The men who built – and survived – the Death Railway

  • People
  • Monday, 12 Jun 2017


Seventy-five years ago, in June 1942, the Japanese Occupation Army commissioned the construction of the Thai-Burma Railway that later gained its infamous name, the Death Railway.

In the months that followed, thousands of Malayans were taken, some by recruitment, most by coercion, and transported north to complete the mega project. Thousands died.

With time, the stories of those who suffered immeasurable cruelty on the railway trail have slowly disappeared. However, there still remain a few survivors whose memories live on until today.

In conjunction with the deadly railway’s commissioning this month, we record the survivors’ stories.

This is Part 1. Read more stories in Part 2.

Samion Ariff

Samion Ariff, 91, is a man with a million dollar smile that’s sure to warm your heart. But behind the jovial grin is someone who encountered extreme hardship during his youth as forced labour toiling on the Death Railway.

Despite his age, Samion can clearly recall the Friday afternoon in 1942 when he was snatched away from his home state, Johor. Samion was an ablebodied teenager then, and the Japanese Army was desperate for workers.

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Samion Ariff’s beautiful smile belies the horror he experienced while working on the Death Railway – horrors that he recalls as if they happened yesterday. Photo: The Star/Abdul Rahman Embong

“We would usually go for Friday prayers and come home after. But this time, I felt uneasy. After prayers, we saw many Japanese lorries around the mosque compound,” Samion says when we interview him in May at his home in Kampung Melayu Majidee, Johor Baru.

“We wondered why the mosque was so dark. It turns out Japanese lorries had blocked all the main doors and had backed up very close to the doors. All six doors had been blocked,” Samion recalls.

The elderly were allowed to go home but the young men, including Samion, were loaded onto the lorries and taken to the Japanese army command centre at Bukit Timbalan, Johor Baru.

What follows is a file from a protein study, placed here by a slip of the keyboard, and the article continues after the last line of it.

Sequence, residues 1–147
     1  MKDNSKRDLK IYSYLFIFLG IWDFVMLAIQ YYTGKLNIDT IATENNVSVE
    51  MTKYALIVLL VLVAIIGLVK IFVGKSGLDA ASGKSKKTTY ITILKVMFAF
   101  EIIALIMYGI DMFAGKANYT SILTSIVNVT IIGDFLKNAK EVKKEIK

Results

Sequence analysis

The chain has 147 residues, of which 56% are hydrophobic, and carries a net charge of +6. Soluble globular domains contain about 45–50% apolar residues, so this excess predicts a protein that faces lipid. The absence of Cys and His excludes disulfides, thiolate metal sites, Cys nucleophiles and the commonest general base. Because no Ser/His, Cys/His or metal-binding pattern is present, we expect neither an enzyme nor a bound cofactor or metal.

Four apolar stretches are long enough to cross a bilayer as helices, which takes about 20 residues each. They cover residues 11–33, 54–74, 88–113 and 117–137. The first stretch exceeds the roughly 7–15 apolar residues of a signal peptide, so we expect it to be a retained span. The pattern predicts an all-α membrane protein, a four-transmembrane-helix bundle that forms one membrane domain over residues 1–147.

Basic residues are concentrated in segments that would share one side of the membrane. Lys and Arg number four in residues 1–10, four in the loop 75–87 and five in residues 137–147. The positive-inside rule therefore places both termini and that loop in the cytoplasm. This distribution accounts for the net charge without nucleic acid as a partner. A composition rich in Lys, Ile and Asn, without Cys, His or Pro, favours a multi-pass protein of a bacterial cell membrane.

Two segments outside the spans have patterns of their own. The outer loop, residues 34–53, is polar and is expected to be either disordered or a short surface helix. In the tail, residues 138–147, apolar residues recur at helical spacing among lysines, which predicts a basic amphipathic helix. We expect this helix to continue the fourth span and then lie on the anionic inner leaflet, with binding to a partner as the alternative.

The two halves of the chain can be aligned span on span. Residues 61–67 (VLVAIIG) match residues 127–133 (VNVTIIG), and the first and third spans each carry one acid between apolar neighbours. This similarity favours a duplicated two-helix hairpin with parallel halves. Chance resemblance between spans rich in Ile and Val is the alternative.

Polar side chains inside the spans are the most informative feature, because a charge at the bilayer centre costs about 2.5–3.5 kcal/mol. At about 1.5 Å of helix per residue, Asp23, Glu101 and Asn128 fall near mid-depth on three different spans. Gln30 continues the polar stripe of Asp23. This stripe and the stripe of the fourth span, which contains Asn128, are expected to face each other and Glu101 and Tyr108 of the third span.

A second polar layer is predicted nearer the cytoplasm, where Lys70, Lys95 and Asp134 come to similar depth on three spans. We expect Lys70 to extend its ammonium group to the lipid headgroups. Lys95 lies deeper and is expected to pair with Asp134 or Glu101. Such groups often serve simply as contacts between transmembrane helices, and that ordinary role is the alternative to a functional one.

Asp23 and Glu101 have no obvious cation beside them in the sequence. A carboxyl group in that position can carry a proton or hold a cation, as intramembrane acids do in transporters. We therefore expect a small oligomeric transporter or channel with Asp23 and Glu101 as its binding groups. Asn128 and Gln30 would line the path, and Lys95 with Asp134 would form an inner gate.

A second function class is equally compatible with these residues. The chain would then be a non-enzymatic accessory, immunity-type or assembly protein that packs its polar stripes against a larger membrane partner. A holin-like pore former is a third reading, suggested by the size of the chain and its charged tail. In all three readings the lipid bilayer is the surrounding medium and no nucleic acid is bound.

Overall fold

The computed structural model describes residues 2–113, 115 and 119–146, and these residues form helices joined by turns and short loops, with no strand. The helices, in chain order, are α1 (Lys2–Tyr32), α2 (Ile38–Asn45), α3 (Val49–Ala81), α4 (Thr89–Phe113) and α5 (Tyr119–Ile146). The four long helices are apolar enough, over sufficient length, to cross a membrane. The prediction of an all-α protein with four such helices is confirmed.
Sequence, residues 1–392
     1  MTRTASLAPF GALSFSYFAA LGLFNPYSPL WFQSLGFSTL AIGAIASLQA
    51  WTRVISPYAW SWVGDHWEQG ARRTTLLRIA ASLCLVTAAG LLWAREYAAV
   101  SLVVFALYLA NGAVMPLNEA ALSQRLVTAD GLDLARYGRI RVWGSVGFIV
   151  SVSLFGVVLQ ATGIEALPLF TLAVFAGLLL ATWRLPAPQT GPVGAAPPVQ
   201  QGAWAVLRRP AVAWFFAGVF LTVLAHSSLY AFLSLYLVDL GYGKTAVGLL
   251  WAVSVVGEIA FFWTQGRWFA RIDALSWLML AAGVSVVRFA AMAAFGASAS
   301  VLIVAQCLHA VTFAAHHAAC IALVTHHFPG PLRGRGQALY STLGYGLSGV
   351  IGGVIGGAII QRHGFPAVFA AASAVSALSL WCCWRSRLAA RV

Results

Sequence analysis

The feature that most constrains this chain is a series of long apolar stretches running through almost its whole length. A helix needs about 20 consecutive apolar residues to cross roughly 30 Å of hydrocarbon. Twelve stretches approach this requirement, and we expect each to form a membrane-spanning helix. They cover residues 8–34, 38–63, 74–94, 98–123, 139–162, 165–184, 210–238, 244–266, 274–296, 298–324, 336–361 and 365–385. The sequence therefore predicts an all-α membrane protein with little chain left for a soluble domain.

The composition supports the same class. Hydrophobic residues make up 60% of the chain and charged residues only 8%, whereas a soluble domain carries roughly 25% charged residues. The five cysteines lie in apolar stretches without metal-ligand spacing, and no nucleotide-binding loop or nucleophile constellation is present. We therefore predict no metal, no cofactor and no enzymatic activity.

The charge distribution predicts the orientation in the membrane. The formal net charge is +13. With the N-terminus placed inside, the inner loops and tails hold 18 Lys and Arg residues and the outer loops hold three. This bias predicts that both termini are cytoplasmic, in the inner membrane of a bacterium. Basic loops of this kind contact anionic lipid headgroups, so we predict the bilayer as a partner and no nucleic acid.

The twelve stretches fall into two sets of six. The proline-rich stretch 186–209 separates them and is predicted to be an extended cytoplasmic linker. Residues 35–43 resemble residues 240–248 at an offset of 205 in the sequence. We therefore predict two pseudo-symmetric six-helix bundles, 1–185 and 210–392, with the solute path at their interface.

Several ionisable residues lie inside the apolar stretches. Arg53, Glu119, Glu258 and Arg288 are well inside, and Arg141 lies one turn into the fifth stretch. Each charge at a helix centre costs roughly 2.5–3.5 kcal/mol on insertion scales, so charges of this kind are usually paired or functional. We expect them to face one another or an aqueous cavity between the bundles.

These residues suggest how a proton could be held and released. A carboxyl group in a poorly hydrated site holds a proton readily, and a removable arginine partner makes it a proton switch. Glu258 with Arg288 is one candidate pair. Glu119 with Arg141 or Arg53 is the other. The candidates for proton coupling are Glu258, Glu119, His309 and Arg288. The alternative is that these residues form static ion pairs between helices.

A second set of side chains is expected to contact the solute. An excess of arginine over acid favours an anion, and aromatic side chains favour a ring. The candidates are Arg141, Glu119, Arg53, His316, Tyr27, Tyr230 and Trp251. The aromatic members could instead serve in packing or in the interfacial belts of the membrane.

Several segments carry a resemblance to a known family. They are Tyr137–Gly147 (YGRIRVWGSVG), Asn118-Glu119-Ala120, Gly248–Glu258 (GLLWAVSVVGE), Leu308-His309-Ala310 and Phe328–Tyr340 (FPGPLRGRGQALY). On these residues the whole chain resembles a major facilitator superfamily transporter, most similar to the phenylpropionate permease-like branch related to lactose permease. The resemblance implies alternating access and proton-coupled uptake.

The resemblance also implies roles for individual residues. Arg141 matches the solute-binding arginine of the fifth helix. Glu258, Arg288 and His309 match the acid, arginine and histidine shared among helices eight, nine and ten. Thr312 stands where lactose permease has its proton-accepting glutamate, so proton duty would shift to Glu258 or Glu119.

A Chinese family friend who witnessed Samion’s capture quickly reported the incident to Samion’s late father, who went immediately by bicycle to see his son.

“My father was told that I was going to be sent to Thailand with only the clothes on my back so he packed a towel, pyjamas, and a blanket in a jute bag for me,” Samion says.

“They loaded us up and my father was crying, but what could we do?”

death railway

Samion, three close friends of his, and others from his village were taken by train to Bangkok, where they were made to march every day from location to location as they built railway tracks and bridges.

The Japanese Army paid the workers a mere 1 baht a day, which was enough to buy dried fish from Thai boatmen plying rivers that usually ran alongside the tracks.

“If anyone collapsed from illness, we had to leave them behind. We could not attend to the weak. The Japanese soldiers told us to continue on. If we did not listen, they would hit us with their rifles,” he says.

“It makes me sad, remembering what happened to one of us. He was ill and had headaches, but the Japanese officer did not care. He told the man to get up and go to work. If you didn’t get up, they would hit you. He remained lying down, and a soldier hit him with a bamboo stick. He died,” says Samion.

In another incident, one of Samion’s friends died in the night. Fearing that his body would be thrown into the gorge behind the camp along with others who had died, the remaining village friends hid the body in the jungle.

“The next day, after returning from work, we buried him. It was a shallow grave, but at least we could cover his body,” Samion says.

Flight to freedom

Upon nearly reaching Burma (now Myanmar), Samion and 17 others hatched an escape plan.

“We left at night. By then we already knew the schedule of the freight trains. It was a slow-moving train and we chased after it and climbed onto the roof!” he says, excitement returning to his voice.

Returning to their village was a slow process for Samion and his three friends, though, as they had to take circuitous routes to evade notice.

By the time the four finally reached Johor, the Japanese had lost the war, in September 1945.

The day Samion was reunited with his family was an emotional one, and Samion tells the story with a wide smile on his face.

Samion as a dashing policeman after the war.
Samion receiving his medal of honour in 1981.

“I saw my two brothers walking along the road. Their reaction when they saw me? What else? There was hugging and crying,” he says.

“My younger brother was at home at the time. When he heard the news, he rushed to see me.

“He didn’t even bother to put on a shirt!” Samion says with a laugh.

After the war, Samion led a remarkable life of service to the people.

He joined the police force, eventually retiring from his position as an assistant superintendent with a medal of honour to his name, the Member of the Order of the Defender of the Realm (AMN), presented by the King in 1981.